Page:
2021 27,088 +12.2%
Sources: Statistics Canada and
City of Fort Saskatchewan

In the 2021 Census of Population conducted by Statistics Canada, the City of Fort Saskatchewan had a population of 27,088 living in 10,420 of its 10,896 total private dwellings, a change of 12.1% from its 2016 population of 24,169. With a land area of 56.5 km2 (21.8 sq mi), it had a population density of 479.4/km2 (1,242/sq mi) in 2021.

Fort Saskatchewan's population, according to its 2019 municipal census, is 26,942; a change of 2.3% from its 2018 municipal census population of 26,328.

In the 2016 Census of Population conducted by Statistics Canada, the city recorded a population of 24,149 living in 9,261 of its 9,939 total private dwellings, a change of 26.8% from its 2011 population of 19,051. With a land area of 48.18 km2 (18.60 sq mi), it had a population density of 501.2/km2 (1,298/sq mi) in 2016.

According to the 2016 census, the largest visible minority populations in the community are Filipino with 535 residents, followed by South Asian with 350 residents. 1,390 residents identified as Aboriginal in 2016: 415 as First Nations, 965 as Métis, and 15 as Inuk (Inuit). 15 residents also claimed multiple Aboriginal identities, bringing the total number of Aboriginal identity claims to 1,410. Regarding the official languages of Canada, 22,160 residents are proficient only in English, 15 are only proficient in French, 1,385 residents are bilingual, and 60 residents are not proficient in either official language.

As of 2016, the top three areas of employment are: Trades, transport and equipment operators and related occupations (3,140 residents), sales and service occupations (2,685), and business, finance and administration occupations (1,915 residents). The three most common levels of education are: Post secondary certificate, diploma or degree (10,420 residents), secondary (high) school diploma or equivalency certificate (5,735 residents), and college, CEGEP or other non-university certificate or diploma (4,565 residents).


The centrepiece of Fort Saskatchewan's recreation and culture is the Dow Centennial Centre (DCC), a multi-use facility that includes an ice arena, gymnasium, fieldhouse, indoor track and fitness centre. The facility, which opened in September 2004, also features a 550-seat performing arts theatre, a permanent art gallery with monthly shows, a banquet hall and the local Pottery Guild.

The city also has two other indoor ice arenas   the Jubilee Recreation Centre and the Sportsplex   that are used during the winter months by hockey, ringette and figure skating associations. In the summer months, the lacrosse association uses them. Fort Saskatchewan also has the Harbour Pool, which is an indoor swimming pool that includes a hot tub, sauna and slide.

Over 30 km (19 mi) of paved trails meander through the city's dozen parks, including Legacy Park, which is the city's main gathering place and hosts festivals in the summer.

There is one nine-hole golf course located within the city's boundaries with three others nearby.

The Fort Saskatchewan Museum (c. 1909) is on the Canadian Register of Historic Places. The museum, which sits adjacent to Legacy Park along 101 Street, features a red brick courthouse, a historic school, church and house that were relocated to the site from their respective locations around the region.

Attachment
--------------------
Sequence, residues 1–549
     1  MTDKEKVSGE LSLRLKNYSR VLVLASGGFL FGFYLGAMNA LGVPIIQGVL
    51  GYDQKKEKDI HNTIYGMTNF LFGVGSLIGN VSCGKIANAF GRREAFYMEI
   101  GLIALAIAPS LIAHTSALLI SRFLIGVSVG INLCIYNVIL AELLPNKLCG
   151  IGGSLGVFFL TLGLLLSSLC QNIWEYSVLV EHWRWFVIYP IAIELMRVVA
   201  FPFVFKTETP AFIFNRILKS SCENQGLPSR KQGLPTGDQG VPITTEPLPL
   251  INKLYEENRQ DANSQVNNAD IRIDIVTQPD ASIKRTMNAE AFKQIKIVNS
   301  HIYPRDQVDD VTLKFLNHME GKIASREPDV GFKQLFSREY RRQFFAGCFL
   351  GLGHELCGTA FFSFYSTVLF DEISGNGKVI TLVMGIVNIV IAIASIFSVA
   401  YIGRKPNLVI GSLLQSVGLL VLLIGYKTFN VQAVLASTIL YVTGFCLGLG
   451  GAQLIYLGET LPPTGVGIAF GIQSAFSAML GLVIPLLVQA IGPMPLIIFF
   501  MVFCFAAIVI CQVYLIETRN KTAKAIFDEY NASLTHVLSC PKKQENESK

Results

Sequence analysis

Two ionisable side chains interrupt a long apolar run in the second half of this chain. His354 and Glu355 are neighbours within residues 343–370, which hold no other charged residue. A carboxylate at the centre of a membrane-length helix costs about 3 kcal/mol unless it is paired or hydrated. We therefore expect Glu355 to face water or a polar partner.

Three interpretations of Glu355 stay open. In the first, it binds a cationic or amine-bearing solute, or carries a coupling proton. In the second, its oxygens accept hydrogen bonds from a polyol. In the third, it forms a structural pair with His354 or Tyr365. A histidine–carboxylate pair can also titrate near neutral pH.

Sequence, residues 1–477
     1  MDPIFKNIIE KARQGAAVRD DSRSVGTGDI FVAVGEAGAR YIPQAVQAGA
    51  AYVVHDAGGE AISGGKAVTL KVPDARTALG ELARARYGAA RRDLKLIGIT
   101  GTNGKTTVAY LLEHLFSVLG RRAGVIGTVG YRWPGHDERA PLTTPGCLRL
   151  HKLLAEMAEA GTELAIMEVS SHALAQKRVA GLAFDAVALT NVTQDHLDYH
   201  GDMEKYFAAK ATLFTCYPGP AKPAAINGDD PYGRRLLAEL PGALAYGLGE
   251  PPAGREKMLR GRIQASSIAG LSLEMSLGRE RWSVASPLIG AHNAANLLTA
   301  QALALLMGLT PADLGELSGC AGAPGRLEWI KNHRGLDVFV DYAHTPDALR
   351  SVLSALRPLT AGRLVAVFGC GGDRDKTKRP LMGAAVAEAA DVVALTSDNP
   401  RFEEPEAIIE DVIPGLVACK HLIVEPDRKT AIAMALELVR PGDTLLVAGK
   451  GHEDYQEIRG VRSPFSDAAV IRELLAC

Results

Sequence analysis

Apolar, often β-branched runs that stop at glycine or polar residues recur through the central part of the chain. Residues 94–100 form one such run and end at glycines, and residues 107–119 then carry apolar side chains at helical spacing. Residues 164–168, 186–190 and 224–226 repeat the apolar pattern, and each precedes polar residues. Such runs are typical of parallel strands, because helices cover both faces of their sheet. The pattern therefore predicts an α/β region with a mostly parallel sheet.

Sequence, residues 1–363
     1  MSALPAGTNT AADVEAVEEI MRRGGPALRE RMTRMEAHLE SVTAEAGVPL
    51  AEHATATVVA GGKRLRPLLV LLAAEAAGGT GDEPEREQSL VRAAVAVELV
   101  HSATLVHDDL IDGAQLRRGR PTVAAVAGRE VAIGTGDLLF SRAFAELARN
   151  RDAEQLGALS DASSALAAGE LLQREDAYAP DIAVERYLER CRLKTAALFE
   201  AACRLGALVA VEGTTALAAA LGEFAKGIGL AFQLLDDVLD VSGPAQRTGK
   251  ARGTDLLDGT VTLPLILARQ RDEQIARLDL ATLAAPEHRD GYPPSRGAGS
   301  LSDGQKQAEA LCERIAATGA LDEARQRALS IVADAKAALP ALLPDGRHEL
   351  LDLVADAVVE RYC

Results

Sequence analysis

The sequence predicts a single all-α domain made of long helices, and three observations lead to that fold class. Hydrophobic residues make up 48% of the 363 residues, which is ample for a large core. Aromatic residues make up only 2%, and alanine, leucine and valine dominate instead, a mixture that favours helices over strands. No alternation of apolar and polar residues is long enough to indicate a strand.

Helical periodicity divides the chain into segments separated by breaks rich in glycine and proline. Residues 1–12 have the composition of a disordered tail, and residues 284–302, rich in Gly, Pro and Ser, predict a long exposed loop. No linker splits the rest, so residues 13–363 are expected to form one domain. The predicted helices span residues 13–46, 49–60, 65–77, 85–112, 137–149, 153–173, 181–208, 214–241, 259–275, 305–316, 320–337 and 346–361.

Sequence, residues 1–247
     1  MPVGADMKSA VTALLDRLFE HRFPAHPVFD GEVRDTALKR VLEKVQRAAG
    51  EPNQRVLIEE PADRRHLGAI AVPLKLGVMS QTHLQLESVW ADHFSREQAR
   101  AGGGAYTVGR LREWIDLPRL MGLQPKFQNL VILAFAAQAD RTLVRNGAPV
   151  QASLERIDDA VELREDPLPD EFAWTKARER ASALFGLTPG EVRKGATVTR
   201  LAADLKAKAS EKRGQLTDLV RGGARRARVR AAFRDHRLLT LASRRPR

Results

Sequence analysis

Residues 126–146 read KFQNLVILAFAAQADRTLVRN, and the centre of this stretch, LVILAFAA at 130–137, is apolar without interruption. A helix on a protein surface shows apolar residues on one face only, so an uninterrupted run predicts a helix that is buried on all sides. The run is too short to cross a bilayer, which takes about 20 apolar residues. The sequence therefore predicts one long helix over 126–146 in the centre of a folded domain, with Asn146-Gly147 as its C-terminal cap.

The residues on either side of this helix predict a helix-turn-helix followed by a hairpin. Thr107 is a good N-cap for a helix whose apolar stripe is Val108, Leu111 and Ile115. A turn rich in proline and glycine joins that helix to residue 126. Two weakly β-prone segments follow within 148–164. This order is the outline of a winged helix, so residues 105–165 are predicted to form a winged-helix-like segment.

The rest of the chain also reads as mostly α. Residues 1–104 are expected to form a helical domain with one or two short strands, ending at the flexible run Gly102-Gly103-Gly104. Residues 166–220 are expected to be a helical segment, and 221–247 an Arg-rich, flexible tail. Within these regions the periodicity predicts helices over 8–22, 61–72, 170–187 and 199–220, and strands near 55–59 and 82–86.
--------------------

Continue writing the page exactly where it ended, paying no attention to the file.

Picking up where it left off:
Fort Saskatewan Public Library and City Hall - 31-Dec-2016
Fort Saskatewan Public Library and City Hall in December 2016.

Fort Saskatchewan is served by the Fort Saskatchewan Public Library located on 102 Street next to City Hall.

The city's west end features a boat launch into the North Saskatchewan River, called Red Coat Landing, and a provincially preserved natural area, called the Fort Saskatchewan Prairie.

The Elk Island National Park, which is famous for its bison, is located southeast of the city.


Fort Saskatchewan's main industries are commercial and heavy industry. It is part of Alberta's Industrial Heartland, the largest Canadian industrial area west of Toronto. Companies with operations in the area include Dow Chemical, Sherritt International, Nutrien (formerly Agrium) and Shell Canada. These plants are major employers for residents of Fort Saskatchewan and the surrounding area.

The city has attracted a number of major retailers including Wal-Mart, The Home Depot, Canadian Tire, Safeway, Federated CO-OP, and Freson Bros. Fort Saskatchewan has also developed as a regional hub for stores and services; in 2019 it served a catchment area of approximately 75,000 people, both locally and from communities to its north and east, including Lamont, Bruderheim, and Redwater.

Fort Station Mall

Fort Station Mall Building
A commercial building at the Fort Station Mall

The original Fort Mall was located on a 49,000-square-metre (12-acre) parcel on the east side of downtown, and contained 16,000 square metres (170,000 sq ft) of retail space. On September 15, 2015, Haro Developments opened phase one of its redevelopment of the site, which it renamed Fort Station Mall. The majority of the old mall was demolished and replaced with outward-facing commercial units. Future plans for development include the construction of additional commercial units, apartments, and an assisted-living facility for seniors. A report commissioned by the City of Fort Saskatchewan noted: "As of 2019, there is another phase of the site, yet to be redeveloped, but the project continues to progress towards completion."